Purpose: The Step 2 Clinical Knowledge (CK) examination of the United States Medical Licensing Examination sequence is a requirement for the certification of international medical graduates (IMGs) by the Educational Commission for Foreign Medical Graduates. An association between scores on the test and the quality of care later provided by those who take it is central to its use in certification and licensure. The purpose of this study was to determine whether there is a relationship between scores on Step 2 CK and patient outcomes for IMGs.
Method: This is a retrospective observational study of the 60,958 hospitalizations from 2003 to 2009 in Pennsylvania where the principal diagnosis was acute myocardial infarction or congestive heart failure and the attending physician (N = 2,525) was an IMG who had taken the Step 2 CK. The main measures were the three-digit scores on Step 2 CK and in-hospital mortality.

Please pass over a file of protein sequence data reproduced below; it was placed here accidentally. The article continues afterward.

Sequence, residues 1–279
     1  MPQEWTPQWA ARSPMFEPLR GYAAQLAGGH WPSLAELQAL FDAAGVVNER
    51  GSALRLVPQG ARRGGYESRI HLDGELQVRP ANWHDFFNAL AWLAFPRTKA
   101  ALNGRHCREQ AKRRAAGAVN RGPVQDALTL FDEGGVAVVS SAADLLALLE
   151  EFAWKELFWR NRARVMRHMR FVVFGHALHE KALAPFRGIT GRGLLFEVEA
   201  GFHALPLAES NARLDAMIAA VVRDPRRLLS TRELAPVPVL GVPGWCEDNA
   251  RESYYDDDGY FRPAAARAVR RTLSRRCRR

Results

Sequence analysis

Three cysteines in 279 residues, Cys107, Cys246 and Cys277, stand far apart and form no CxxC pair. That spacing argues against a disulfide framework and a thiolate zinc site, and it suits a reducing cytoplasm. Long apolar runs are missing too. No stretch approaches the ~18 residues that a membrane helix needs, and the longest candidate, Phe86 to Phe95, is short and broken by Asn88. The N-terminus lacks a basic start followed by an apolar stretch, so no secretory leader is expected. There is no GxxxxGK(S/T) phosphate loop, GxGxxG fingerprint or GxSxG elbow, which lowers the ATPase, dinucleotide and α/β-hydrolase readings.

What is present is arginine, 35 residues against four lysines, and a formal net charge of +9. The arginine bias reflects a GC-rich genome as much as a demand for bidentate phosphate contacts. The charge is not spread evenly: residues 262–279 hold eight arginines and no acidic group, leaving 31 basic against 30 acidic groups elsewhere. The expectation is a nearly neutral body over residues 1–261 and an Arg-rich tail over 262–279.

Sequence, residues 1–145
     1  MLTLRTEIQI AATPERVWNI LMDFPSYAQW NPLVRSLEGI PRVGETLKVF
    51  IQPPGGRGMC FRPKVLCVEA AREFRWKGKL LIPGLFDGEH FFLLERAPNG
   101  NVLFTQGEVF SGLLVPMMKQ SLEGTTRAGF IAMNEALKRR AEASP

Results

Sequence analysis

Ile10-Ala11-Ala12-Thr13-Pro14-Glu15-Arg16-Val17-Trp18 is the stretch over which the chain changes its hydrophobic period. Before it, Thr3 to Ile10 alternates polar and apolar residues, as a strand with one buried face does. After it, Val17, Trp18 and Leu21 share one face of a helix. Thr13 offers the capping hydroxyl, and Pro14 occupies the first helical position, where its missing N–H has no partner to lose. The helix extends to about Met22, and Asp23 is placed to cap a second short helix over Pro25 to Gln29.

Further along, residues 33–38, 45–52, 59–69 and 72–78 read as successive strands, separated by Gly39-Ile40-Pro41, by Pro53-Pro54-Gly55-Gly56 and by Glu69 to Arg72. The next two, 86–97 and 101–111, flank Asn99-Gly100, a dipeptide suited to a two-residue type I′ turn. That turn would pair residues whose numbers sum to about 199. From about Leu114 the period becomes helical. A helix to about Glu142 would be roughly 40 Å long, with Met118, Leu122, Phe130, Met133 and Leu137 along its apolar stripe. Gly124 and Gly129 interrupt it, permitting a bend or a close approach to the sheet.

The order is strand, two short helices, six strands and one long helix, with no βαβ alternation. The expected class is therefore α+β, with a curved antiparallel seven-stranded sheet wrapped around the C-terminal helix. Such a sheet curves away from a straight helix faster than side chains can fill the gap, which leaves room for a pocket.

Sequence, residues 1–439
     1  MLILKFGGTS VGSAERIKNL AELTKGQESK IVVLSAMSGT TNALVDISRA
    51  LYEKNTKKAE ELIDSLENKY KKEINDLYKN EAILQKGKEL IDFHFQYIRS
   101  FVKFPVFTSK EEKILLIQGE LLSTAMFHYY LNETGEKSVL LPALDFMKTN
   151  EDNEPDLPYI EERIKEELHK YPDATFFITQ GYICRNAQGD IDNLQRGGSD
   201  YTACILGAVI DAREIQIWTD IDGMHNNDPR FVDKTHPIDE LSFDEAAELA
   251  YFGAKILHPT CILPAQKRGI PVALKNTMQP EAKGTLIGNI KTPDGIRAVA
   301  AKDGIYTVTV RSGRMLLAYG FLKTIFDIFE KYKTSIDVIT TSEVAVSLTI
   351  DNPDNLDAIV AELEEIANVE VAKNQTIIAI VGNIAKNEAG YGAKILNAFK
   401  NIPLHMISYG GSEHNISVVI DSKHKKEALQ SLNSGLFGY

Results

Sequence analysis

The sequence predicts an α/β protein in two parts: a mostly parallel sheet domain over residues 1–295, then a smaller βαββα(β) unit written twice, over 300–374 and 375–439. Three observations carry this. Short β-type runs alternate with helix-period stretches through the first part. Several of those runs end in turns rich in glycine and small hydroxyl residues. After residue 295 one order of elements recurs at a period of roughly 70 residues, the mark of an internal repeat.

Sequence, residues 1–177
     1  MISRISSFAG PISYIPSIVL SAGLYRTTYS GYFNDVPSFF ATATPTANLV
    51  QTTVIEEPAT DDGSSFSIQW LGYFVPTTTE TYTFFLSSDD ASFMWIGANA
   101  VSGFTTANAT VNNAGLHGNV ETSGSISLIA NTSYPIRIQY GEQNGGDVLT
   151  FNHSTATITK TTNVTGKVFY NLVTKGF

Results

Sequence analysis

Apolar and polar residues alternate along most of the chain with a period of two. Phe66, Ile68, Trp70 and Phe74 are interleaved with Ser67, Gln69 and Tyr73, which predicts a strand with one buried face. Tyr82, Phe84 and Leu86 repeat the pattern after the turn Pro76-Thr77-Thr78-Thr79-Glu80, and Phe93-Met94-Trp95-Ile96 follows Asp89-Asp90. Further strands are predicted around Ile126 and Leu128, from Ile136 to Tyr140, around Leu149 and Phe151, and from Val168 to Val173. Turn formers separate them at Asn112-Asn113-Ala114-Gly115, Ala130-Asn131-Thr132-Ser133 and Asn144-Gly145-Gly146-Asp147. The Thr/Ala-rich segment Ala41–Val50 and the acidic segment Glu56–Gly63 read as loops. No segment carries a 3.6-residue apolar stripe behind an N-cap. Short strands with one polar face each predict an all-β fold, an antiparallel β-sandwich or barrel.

Results: After adjustment for severity of illness, physician characteristics, and hospital characteristics, performance on Step 2 CK had a statistically significant inverse relationship with mortality. Each additional point on the examination was associated with a 0.2% (95% CI: 0.1%-0.4%) decrease in mortality. The size of the effect is noteworthy, with each standard deviation (roughly 20 points) equivalent to a 4% change in mortality risk.
Conclusions: These findings provide evidence for the validity of Step 2 CK scores. Given the magnitude of its relationship with patient outcomes, the results support the use of the examination as an effective screening strategy for licensure.